This is in stark contrast to PoStake based longestchain protocols, where once an adversary gets hold of keys controlling a sufficiently large amount of stake, security cannot be recovered by the honest parties without resorting on some external mechanism. The reason is bootstrapping as discussed in §2.3: an adversary who holds keys which at some point in the chain controlled stake $N$, can fork at that point and bootstrap a chain to the present that looks as if they had $N$ stake throughout. The issue is aggravated due to "stakebleeding" [GKR18], which refers to the fact that the fork can amass additional stake through fees and blockrewards.
6.1.3 Recovering from PoSpace Majority
A longestchain protocol using only PoSpace (like Spacemint [PKF+18]) is basically as bad as PoStake based protocols when it comes to healing after an adversary got control of a large amount of the resource. One difference is that in the PoStake case the bootstrapping is only possible while the adversary holds the space resource, while bootstrapping in PoStake just requires keys that were valid at some point in the past but can be worthless (i.e., not hold any stake in the chain currently considered by the honest parties) now. On the positive side, stakebleeding is not an issues for PoSpace.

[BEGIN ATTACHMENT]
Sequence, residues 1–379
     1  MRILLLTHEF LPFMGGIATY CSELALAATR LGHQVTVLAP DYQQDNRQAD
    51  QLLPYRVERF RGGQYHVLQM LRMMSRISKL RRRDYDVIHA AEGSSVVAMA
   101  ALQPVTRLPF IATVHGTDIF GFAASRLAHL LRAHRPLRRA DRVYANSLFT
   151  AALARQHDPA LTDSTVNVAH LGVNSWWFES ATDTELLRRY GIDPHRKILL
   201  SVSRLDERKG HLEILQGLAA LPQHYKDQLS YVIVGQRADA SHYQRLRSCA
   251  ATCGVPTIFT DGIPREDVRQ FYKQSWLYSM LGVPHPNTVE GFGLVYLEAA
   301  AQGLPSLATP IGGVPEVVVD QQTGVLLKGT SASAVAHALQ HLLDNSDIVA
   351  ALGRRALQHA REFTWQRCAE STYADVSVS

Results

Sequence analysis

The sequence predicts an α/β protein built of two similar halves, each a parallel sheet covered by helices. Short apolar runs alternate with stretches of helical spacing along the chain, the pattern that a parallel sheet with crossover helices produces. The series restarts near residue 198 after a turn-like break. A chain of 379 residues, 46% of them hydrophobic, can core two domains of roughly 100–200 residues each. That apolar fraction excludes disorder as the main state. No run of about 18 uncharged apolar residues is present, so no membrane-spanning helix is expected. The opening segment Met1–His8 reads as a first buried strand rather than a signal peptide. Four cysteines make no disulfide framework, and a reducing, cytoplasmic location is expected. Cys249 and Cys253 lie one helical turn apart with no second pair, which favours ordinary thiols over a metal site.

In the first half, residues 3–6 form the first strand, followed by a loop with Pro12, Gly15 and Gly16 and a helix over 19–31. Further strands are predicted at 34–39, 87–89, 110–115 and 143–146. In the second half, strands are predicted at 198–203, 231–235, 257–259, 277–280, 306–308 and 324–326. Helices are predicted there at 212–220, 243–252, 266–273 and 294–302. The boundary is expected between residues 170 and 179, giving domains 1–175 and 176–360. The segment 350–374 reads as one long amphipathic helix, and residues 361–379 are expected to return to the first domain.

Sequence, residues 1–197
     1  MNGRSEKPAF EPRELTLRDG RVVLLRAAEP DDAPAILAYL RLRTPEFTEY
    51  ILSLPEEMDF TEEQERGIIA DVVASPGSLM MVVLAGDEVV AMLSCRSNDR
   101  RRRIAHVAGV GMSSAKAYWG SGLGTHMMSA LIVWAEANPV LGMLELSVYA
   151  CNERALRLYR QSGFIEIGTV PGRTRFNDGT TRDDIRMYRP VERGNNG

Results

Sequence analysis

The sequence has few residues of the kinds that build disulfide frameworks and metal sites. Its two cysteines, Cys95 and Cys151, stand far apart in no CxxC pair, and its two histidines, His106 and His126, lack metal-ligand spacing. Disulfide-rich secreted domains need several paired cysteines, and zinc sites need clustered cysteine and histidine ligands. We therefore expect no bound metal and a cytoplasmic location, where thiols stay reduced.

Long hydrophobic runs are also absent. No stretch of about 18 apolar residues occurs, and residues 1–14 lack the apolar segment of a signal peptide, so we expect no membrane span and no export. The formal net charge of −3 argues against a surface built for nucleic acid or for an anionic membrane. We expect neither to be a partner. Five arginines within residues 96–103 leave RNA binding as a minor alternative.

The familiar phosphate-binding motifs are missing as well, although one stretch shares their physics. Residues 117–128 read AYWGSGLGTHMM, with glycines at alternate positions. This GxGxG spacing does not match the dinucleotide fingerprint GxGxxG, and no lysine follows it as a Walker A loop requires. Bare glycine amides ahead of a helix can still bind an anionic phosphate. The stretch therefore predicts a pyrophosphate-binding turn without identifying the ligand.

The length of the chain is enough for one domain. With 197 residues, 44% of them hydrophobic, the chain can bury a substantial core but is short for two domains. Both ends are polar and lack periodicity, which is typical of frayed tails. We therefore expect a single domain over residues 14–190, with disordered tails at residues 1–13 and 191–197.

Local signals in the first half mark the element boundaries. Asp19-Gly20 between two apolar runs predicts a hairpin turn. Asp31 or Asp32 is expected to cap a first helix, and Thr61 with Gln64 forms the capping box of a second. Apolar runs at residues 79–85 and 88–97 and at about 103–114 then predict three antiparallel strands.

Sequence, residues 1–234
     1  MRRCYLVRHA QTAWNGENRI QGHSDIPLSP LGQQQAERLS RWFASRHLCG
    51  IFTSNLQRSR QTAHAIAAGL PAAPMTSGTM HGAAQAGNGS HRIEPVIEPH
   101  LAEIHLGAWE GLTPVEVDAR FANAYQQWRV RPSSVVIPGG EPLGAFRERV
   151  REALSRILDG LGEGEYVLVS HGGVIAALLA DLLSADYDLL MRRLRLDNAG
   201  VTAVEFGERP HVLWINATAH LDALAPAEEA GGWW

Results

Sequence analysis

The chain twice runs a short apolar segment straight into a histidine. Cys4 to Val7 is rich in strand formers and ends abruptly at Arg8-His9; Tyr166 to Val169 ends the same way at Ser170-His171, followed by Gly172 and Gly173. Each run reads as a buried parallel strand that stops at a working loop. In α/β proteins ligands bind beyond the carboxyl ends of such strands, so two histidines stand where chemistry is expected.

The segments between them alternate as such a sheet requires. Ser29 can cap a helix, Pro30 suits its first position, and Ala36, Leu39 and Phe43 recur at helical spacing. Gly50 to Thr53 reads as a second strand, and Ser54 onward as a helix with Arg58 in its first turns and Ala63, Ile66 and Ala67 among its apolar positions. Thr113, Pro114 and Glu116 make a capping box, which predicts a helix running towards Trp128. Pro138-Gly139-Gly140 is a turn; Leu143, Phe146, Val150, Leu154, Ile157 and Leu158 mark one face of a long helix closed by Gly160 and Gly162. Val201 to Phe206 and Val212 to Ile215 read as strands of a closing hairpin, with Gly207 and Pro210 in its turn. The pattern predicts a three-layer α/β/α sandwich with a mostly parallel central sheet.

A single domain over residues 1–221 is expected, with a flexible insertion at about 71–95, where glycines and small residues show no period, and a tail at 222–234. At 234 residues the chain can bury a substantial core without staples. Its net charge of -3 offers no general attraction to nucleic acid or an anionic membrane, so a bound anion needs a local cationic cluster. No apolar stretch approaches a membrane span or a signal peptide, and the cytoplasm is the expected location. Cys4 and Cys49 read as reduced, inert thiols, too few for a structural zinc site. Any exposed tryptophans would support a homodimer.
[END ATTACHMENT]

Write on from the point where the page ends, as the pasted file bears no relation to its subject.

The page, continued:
6.1.4 Recovering from SpaceTime Majority in $\textsf{Chia}$ {#S:RPOST}
While a pure PoSpace based longestchain protocol fails to heal from adversarial majority due to bootstrapping, by combining space with time as in Chia we prevent bootstrapping, and get a chain that naturally heals from adversarial majority. Though, what exactly constitutes the resource in a PoST protocol is less obvious than e.g. in the PoW or PoSpace setting. We already shortly touched this issue in §1.1. We'll now recap the notion for PoST resources introduced there, but in a more finegrained manner using a time parameter to reflect that resources can change over time. Let
Term  Definition 

$space_h(t),space_a(t)$  denote the disk space (more precisely, the space with initialised plots) available to the honest and adversarial parties at time $t$, respectively 
$vdf_h(t)$  denote the speed of the (three) VDFs available to the fastest honest and online time lord at time $t$ 
$vdf_a(t)$  denote the speed of the VDFs available to the adversary, the number of VDFs available to the adversary is unbounded. 
$vdf_h$ only considers the fastest honest time lord, as only they matter for the growth of the honest chain. The adversary on the other hand is allowed an unlimited number of VDFs of speed $vdf_a$. Not putting any bound here makes the security statements stronger, but it might seem to give the adversary an unrealistic advantage. This is not really the case as most of the advantage an adversary can get by using many VDFs (trough double dipping) can already be achieved by using a fairly low amount of VDFs. So it would hardly make a quantitative difference if we put a cap on the number of VDFs, say 100, or simply put no cap at all.